Once diagnosed, AOM-related facial nerve palsy should be adequately treated, with the eradication of the suppurative process as the first goal to achieve [18]. To this aim, the patient should receive a broad-spectrum intravenous third-generation cephalosporin (for example cefotaxime as in our case) as an initial antibiotic regimen, to be eventually adjusted based on the microbiological antibiotic sensitivity in positive cultures [16].

To date, no treatment consensus on AOM-related facial palsy is available. Indeed, the role of surgery, corticosteroids, and antivirals remains controversial. Several authors agree on the need for myringotomy with or without tympanostomy tube placement in cases with otomastoiditis without perforation of the tympanic membrane, suggesting to perform mastoidectomy or, rarely, facial nerve decompression if no improvement is achieved within a few days [13, 19, 20]. Recently, Eeten et al. have described two cases of EBV otomastoiditis complicated by facial nerve palsy that, initially not improved with the medical treatment alone, subsequently recovered after a surgical approach with mastoidectomy plus atticoantrotomy and a transmastoidal surgical decompression of the facial nerve, respectively [21].

Antiviral therapy has been used to treat peripheral facial palsy by considering the potential association with herpes simplex virus infection [22]. However, as the real effectiveness of antivirals’ administration in cases with facial nerve palsy is not fully understood yet, antiviral treatment should be avoided if no infectious cause is suspected [9]. As a consequence, in our case acyclovir was interrupted once herpetic virus serology resulted negative.

As far the use of corticosteroid treatment for facial nerve palsy, despite a few studies are available, it seems that steroids may reduce the time of recovery, especially when administered early in the disease course [7, 9]. To better understand the role of corticosteroids in the treatment of children with idiopathic facial nerve palsy, two randomized, double-blind, placebo-controlled trials have recently been started [23, 24].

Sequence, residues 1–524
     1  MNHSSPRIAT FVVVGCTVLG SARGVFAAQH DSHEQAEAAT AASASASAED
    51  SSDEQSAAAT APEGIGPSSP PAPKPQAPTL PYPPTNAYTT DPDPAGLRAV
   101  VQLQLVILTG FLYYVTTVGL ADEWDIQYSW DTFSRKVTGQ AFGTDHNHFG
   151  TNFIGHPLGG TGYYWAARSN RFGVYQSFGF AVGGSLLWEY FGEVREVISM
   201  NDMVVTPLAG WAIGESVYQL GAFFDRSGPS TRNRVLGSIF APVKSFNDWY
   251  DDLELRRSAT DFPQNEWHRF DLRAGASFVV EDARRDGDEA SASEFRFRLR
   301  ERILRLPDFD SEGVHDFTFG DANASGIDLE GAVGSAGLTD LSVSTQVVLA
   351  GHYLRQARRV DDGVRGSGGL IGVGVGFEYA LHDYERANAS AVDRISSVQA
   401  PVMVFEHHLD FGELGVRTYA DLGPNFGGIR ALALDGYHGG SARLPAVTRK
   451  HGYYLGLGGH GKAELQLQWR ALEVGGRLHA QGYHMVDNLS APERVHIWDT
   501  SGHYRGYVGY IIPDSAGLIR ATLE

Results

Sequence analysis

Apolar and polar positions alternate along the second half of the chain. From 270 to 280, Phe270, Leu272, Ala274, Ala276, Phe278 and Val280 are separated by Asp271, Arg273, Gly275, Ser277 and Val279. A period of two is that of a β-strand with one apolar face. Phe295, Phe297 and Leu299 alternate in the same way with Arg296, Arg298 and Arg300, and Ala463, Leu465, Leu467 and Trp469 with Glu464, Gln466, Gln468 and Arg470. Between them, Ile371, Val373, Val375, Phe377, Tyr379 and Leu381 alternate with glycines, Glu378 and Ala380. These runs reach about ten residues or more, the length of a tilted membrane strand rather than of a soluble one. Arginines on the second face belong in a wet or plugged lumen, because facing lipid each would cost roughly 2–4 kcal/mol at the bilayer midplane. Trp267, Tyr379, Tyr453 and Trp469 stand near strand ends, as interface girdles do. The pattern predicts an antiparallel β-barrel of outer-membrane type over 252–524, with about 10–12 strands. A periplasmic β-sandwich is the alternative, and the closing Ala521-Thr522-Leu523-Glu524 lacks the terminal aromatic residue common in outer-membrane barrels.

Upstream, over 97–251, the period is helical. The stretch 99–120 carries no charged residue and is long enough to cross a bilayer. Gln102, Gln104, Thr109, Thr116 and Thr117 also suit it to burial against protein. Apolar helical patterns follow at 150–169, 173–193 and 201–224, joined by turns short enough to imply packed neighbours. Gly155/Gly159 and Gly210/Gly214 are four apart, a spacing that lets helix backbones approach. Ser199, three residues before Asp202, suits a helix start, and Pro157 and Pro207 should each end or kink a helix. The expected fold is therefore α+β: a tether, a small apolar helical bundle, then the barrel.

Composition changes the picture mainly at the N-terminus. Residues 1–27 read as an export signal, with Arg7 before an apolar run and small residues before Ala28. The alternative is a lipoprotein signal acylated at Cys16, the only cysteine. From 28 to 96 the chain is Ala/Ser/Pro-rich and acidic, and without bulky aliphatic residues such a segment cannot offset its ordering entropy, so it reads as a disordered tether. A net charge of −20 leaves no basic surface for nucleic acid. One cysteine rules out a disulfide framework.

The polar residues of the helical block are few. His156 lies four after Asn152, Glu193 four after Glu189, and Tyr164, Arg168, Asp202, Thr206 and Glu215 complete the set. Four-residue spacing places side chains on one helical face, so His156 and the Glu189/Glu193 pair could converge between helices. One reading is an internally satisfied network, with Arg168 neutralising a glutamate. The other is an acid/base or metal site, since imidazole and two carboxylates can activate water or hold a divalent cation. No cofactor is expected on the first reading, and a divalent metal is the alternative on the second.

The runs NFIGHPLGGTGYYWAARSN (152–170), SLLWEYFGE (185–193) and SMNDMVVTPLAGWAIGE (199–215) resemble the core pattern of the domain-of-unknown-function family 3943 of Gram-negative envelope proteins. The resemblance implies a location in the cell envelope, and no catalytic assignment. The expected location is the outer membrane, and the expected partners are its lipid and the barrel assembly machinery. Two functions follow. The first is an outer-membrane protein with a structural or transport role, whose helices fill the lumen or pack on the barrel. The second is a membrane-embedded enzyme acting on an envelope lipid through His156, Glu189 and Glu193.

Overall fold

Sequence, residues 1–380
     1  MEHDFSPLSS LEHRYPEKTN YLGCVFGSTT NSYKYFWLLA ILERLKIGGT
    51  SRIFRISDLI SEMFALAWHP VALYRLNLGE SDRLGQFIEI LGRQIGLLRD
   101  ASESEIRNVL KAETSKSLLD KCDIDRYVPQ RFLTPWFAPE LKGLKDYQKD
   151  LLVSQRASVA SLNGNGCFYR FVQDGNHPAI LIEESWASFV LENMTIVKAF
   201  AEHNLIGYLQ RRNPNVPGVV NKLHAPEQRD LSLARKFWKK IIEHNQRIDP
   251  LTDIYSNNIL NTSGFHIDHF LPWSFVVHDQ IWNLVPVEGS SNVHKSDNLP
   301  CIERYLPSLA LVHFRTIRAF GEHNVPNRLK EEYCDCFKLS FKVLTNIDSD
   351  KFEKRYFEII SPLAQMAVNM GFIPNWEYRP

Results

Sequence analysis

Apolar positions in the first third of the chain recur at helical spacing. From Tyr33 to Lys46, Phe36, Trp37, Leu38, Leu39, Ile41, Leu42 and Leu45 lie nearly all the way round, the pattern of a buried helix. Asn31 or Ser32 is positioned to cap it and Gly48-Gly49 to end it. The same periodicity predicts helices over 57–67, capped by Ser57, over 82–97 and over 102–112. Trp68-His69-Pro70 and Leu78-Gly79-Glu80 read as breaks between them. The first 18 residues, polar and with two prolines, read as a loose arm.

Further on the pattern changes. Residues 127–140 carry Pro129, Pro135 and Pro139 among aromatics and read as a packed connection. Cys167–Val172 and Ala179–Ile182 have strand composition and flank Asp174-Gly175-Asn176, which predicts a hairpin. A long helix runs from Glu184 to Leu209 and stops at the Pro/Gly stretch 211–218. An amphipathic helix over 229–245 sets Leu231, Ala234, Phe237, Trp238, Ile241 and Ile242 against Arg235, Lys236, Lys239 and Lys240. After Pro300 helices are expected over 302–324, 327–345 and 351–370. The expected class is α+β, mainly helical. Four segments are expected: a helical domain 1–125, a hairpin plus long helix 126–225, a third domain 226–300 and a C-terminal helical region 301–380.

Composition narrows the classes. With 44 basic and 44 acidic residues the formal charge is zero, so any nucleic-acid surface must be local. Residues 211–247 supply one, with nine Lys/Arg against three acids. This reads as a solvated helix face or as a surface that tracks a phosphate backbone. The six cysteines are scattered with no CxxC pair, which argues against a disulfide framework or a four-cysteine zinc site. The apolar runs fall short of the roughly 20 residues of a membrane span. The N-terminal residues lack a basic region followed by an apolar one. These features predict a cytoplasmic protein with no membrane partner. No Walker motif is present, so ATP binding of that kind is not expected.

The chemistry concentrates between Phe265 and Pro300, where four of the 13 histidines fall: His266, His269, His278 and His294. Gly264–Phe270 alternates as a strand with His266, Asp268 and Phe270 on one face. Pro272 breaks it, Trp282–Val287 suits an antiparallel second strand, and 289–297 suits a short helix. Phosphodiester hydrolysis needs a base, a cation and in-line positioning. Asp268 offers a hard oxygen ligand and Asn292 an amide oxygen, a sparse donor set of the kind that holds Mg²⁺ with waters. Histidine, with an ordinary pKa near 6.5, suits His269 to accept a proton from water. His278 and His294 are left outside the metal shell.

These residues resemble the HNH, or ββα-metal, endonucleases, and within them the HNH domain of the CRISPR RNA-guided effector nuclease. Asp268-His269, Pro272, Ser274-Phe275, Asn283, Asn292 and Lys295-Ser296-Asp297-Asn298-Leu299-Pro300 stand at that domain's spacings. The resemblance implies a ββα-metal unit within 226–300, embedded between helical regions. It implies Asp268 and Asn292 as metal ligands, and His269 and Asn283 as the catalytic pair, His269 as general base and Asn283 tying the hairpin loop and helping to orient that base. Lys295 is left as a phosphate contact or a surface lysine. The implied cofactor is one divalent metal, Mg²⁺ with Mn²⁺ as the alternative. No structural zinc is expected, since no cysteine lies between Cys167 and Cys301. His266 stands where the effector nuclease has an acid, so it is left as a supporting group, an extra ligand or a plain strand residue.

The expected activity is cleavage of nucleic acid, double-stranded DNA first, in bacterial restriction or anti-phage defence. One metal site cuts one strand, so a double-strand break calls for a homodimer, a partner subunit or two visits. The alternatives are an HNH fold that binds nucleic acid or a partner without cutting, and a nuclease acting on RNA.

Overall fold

As observed in our patient, the prognosis of AOM-related facial nerve palsy is generally good after the appropriate therapy, even though a 6% incidence of residual dysfunction has been described [25, 26], and the recovery of facial palsy usually occurs within 3-months. Furthermore, in the case of infectious etiology and incomplete forms, the recovery may be more quickly [12].

In conclusion, our case highlights a rare complication of AOM and primary EBV infection in children the pediatricians should be aware of. A prompt diagnosis and adequate treatment are essential to achieve a good outcome and to avoid chronic neurological sequelae.

Availability of data and materials

Data sharing was not applicable to this case report because no datasets were generated or analyzed during the study.



Acute otitis media


Computed tomography


Epstein-barr virus


Magnetic resonance imaging


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This case report was (partially) funded by Italian Ministry of Health—Current research IRCCS.

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MLC, ST, GMDP, PM wrote the manuscript and contributed to patient management the patient. PC, AC contributed to patient management. LC performed the radiological investigation. All the authors read and approved the final version of the manuscript.

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Correspondence to Massimo Luca Castellazzi.

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Castellazzi, M.L., Torretta, S., Pietro, G.M.D. et al. Acute otitis media-related facial nerve palsy in a child: a case report and a literary review. Ital J Pediatr 49, 8 (2023).

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  • Facial nerve palsy
  • Acute otitis media
  • Epstein-Barr virus
  • Children